Category Archives: Thurgood Marshall

Thought of the Day 8.28.12 Shania Twain

Man! I Feel Like a Woman!

–Shania Twain

Greatest Hits (Shania Twain album)

Greatest Hits (Shania Twain album) (Photo credit: Wikipedia)

Eilleen Regina Edwards was born on this day in Windsor, Ontario, Canada in 1965. She is 47 years old.

She is the eldest of five siblings and grew up about 500 miles north of Toronto with her mother Sharon and her adoptive father Jerry Twain.

According to the biography on her official web site she …

“grew up listening to Waylon, Willie, Dolly, Tammy, all of them…But we also listened to the Mamas and the Papas, The Carpenters, The Supremes and Stevie Wonder. The many different styles of music I was exposed to as a child not only influenced my vocal style, but even more so, my writing style.” [ShaniaTwain.com]

Impressed by the girl’s singing, guitar playing and song writing skills, her mother became her defacto agent and  began to book the 8-year-old Twain at local venues and radio and TV spots. Twain says she would be awaken after midnight and taken to local clubs to sing with house bands — bar stopped selling alcohol at midnight.

The “b” side of Twain’s rural Canadian upbringing was summers spent on reforestation crews with her stepfather where she “learned to wield” a different kind of axe (and “handle a chain saw as well as any man.”)

An automobile accident took the lives of  both Sharon and Jerry Twain, and 21-year-old Eilleen took over raising her little brothers. She got a job at the Deerhurst Resort in Ontario which not only allowed her to pay the bills but also introduced her to musical theatre.

At 24 Twain recorded a demo of original music and changed her first name to Shania (Ojibway Indian for “I’m on my way” in honor of Jerry Twain’s Ojibway’s ancestry.) She signed on with Mercury Records and put out Shania Twain in 1993. The CD included the hits “Dance With The One That Brought You” and “What Made You Say That.”

She joined forces with rock producer Robert John “Mutt” Lange  (both professionally and personally — the two married  in 1993.) Her single Whose Bed Have Your Boots Been Under came out in 1995 and went to #11 on the  country charts. Woman In Me, her second album made “Twain the best-selling country female artist of all time. “ “Any Man of Mine,” “(If You’re Not In It for Love) I’m Outta Here!” “You Win My Love and “No One Needs to Know” all went to number 1, and the project won Country Album of the Year at the Grammies.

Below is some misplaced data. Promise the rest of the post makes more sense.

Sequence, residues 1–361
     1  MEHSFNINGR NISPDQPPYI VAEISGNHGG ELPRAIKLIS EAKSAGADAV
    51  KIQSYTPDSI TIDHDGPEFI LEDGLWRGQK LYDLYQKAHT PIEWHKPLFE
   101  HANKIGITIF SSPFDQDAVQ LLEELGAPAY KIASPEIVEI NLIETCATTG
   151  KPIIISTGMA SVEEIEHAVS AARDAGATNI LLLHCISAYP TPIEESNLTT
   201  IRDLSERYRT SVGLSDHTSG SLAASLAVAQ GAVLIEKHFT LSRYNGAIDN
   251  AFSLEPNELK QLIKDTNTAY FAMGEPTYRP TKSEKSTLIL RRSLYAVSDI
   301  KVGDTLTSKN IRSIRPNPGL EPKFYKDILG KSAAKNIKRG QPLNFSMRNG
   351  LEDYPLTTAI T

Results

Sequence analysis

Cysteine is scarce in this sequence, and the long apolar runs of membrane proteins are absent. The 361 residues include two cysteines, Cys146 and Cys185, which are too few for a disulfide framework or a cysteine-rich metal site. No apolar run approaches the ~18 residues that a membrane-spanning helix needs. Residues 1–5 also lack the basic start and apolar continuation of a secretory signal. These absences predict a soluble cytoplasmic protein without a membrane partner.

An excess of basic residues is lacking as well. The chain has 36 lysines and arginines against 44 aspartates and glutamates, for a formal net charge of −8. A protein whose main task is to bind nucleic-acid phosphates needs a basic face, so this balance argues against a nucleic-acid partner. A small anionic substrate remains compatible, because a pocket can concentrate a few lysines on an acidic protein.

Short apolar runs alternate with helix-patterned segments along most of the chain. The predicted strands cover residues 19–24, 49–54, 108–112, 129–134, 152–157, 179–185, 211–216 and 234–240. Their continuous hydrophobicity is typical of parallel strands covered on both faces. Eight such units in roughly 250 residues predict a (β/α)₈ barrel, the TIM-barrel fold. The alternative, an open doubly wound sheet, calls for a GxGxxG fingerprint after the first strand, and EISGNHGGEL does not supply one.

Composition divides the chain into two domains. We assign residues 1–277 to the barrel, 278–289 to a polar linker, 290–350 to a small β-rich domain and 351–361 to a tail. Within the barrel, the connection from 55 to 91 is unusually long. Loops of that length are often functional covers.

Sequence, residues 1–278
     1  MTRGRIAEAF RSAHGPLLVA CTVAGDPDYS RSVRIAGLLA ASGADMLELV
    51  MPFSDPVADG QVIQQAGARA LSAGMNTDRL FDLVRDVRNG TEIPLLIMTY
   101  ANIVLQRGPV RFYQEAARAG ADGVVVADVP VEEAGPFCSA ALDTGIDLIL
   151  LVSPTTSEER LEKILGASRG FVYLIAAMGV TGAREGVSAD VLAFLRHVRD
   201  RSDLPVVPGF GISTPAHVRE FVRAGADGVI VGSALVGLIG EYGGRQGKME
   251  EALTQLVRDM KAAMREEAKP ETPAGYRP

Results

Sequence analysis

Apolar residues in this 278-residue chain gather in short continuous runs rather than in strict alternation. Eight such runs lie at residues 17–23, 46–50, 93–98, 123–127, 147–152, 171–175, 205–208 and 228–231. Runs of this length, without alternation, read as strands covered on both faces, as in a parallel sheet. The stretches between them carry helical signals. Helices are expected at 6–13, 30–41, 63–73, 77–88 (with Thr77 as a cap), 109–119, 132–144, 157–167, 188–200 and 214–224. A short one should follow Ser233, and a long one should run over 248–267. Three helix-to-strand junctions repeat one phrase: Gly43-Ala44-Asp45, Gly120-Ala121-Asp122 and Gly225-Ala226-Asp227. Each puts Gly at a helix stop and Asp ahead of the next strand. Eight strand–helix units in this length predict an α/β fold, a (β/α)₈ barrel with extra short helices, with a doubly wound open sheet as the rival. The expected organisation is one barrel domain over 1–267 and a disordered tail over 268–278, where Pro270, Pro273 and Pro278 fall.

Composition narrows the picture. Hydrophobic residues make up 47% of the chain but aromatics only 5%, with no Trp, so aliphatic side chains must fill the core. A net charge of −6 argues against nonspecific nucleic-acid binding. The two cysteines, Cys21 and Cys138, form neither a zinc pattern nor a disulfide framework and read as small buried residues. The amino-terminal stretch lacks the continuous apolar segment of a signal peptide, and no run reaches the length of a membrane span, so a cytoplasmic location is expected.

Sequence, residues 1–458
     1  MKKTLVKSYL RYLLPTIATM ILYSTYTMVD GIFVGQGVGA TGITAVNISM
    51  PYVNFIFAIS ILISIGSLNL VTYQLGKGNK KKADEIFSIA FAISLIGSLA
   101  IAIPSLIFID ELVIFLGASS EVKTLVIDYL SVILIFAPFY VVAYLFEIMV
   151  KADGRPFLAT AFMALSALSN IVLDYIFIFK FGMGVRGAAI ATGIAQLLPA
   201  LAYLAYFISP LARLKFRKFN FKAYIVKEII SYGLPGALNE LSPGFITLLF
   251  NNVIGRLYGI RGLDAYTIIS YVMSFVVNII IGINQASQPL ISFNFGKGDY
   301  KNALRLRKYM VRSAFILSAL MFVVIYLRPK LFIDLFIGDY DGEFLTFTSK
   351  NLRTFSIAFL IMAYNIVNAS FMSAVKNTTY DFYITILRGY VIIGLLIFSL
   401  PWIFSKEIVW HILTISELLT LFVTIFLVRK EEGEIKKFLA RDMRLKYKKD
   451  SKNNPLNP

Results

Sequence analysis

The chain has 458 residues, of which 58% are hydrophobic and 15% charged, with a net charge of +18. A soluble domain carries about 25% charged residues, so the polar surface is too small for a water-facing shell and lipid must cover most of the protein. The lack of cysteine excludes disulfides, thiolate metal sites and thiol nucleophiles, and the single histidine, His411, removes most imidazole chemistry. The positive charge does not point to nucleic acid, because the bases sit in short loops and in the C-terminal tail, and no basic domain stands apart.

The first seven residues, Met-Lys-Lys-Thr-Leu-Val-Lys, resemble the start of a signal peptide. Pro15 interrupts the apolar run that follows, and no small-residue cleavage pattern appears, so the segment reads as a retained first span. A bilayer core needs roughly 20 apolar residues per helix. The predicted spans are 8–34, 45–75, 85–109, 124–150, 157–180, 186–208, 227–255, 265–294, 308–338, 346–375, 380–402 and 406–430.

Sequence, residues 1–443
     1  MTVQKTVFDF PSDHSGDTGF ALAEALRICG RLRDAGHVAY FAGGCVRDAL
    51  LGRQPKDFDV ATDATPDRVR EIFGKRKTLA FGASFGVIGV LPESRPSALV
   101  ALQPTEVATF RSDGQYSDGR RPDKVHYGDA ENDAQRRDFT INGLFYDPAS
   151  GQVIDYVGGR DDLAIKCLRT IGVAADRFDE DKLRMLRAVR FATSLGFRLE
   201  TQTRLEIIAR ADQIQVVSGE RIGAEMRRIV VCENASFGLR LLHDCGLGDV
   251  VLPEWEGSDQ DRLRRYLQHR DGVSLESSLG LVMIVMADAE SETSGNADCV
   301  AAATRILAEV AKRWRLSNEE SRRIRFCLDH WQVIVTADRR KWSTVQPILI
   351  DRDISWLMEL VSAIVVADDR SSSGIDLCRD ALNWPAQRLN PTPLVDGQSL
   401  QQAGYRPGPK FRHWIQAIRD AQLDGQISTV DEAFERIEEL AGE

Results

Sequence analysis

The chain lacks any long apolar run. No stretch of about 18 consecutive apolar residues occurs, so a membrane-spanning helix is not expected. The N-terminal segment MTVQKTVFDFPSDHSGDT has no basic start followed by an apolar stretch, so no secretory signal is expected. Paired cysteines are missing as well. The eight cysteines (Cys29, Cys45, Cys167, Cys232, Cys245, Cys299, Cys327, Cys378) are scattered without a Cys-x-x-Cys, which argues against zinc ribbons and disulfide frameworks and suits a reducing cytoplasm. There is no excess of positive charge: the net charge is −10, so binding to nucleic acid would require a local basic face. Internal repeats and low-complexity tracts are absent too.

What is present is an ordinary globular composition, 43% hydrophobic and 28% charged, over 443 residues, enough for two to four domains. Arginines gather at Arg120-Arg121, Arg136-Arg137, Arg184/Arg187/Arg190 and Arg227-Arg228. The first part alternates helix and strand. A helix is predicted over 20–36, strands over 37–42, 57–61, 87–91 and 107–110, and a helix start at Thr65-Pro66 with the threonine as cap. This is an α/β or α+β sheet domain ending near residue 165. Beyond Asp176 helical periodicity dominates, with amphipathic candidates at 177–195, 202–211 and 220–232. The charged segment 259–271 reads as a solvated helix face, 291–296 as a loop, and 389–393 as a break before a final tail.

She released Come On Over in 1997 and listeners from pop and rock stations took her invitation seriously. She became a crossover artist with “You’re Still the One”  (which was #1 in Country and #2 on Billboard’s Hot 100 pop chart) and “Man! I Feel Like A Woman.” The album sold over 11 million copies.

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In 2002 she continued in a more pop vain with the release of  UP.  In the music video  for the single I’m Gonna Getcha Good she leaves behind her trademark bare midriff and  jeans and opts for a futuristic Tron style leather get up as she takes a motorcycle ride through a dystopian landscape.

In 2011 she did a six part documentary on the OWN network and released her memoirs. To date she has sold over 75 million cds and has earned the moniker “The Queen of Country Pop.”


Thought of the Day 7.2.12

“None of us got where we are solely by pulling ourselves up by our bootstraps. We got here because somebody – a parent, a teacher, an Ivy League crony or a few nuns – bent down and helped us pick up our boots.”

Thurgood Marshall

Thurgood Marshall was born in Baltimore, Maryland in 1908. Today would have been his 104th birthday.

The grandson of a slave, Marshall knew first hand the long arm of a segregated society.  In 1930, after graduating cum laude from Lincoln University,  he applied to the University of Maryland Law School, but wasn’t accepted because of his race. Marshall went instead to Howard University Law School where he graduated magna cum laude. He later successfully sued UofM to admit Donald Murray to the Law school.

He moved to New York and became a special counsel for the NAACP. He helped draft  the constitutions for Ghana and Tanzania on the behest of the United Nations.

Marshall argued in numerous Supreme Court cases, most revolving around segregation. The landmark decision of Brown v. Board of Education of Topeka, Kansas demolished legal “separate but equal” segregation in the United States.

In 1961 Marshall was appointed by President Kennedy  as a circuit judge.  In 1965 President Johnson appointed him Solicitor General, and in 1967 Thurgood Marshall was appointed to the Supreme Court of the United States. He served on the Court until 1991.

He saw the Constitution as  living document , noting in 1987 on the bicentennial of the Constitution that:

“the government they devised was defective from the start, requiring several amendments, a civil war, and major social transformations to attain the system of constitutional government and its respect for the freedoms and individual rights, we hold as fundamental today…Some may more quietly commemorate the suffering, struggle, and sacrifice that has triumphed over much of what was wrong with the original document, and observe the anniversary with hopes not realized and promises not fulfilled. I plan to celebrate the bicentennial of the Constitution as a living document, including the Bill of Rights and the other amendments protecting individual freedoms and human rights.”

 

Thurgood Marshall, appointed by Kennedy to the...

Thurgood Marshall, appointed by Kennedy to the United States Court of Appeals for the Second Circuit. (Photo credit: Wikipedia)


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